Pocket protein function in melanocyte homeostasis and neoplasia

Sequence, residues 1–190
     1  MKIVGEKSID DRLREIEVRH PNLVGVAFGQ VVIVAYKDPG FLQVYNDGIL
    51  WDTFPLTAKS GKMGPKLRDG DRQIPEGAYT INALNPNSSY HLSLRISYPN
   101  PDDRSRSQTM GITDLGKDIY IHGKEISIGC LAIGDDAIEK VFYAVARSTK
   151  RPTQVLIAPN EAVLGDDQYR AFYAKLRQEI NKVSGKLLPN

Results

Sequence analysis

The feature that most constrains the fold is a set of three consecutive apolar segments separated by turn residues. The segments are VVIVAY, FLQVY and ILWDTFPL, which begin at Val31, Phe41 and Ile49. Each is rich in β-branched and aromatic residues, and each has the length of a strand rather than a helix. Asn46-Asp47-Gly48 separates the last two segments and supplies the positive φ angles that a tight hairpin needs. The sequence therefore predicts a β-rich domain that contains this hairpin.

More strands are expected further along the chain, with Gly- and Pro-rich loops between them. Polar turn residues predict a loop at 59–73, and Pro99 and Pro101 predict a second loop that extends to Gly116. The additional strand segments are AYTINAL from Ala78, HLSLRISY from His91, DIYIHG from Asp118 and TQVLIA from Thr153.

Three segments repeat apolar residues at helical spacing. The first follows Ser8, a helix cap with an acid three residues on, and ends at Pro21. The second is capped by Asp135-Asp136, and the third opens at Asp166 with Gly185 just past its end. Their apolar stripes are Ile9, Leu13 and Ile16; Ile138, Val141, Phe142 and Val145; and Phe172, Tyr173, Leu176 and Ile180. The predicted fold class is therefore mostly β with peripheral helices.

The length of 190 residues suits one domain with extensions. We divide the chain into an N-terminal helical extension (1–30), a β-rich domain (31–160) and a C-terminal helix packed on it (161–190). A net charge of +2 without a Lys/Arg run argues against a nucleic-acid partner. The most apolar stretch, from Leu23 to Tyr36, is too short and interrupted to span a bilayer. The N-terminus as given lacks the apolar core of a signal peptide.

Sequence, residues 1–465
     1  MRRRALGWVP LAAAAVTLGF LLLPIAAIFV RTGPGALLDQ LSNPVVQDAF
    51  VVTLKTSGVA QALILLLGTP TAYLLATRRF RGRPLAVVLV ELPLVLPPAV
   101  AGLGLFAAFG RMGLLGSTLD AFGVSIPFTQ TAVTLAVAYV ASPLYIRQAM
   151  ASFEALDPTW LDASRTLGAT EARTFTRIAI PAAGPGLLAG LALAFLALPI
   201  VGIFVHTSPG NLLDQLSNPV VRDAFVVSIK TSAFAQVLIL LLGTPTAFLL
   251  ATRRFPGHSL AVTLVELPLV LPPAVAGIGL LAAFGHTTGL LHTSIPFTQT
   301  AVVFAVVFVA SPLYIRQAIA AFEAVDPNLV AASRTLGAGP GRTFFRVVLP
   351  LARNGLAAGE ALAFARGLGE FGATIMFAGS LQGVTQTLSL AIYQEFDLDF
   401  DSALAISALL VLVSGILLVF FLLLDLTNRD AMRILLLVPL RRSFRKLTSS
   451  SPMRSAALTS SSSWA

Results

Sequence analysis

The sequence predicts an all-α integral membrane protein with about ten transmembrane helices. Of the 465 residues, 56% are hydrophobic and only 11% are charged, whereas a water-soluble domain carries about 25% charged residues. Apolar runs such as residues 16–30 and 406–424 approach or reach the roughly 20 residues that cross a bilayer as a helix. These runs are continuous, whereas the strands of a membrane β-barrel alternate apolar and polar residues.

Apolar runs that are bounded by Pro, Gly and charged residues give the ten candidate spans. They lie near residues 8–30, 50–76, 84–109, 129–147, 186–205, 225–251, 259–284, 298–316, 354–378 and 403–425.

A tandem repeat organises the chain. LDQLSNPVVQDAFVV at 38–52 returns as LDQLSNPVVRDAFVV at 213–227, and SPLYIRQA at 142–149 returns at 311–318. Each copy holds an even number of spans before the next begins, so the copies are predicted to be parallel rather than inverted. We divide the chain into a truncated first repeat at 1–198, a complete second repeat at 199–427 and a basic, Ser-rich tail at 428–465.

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Melanoma is the most lethal of human skin cancers and its incidence is increasing worldwide [L.K. Dennis (1999). Arch. Dermatol. 135, 275; C. Garbe et al. (2000). Cancer 89, 1269]. Melanomas often metastasize early during the course of the disease and are then highly intractable to current therapeutic regimens [M.F. Demierre and G. Merlino (2004). Curr. Oncol. Rep. 6, 406]. Consequently, understanding the factors that maintain melanocyte homeostasis and prevent their neoplastic transformation into melanoma is of utmost interest from the perspective of therapeutic interdiction. This review will focus on the role of the pocket proteins (PPs), Rb1 (retinoblastoma protein), retinoblastoma-like 1 (Rbl1 also known as p107) and retinoblastoma-like 2 (Rbl2 also known as p130), in melanocyte homeostasis, with particular emphasis on their functions in the cell cycle and the DNA damage repair response. The potential mechanisms of PP deregulation in melanoma and the possibility of PP-independent pathways to melanoma development will also be considered. Finally, the role of the PP family in ultraviolet radiation (UVR)-induced melanoma and the precise contribution that each PP family member makes to melanocyte homeostasis will be discussed in the context of a number of genetically engineered mouse models.1

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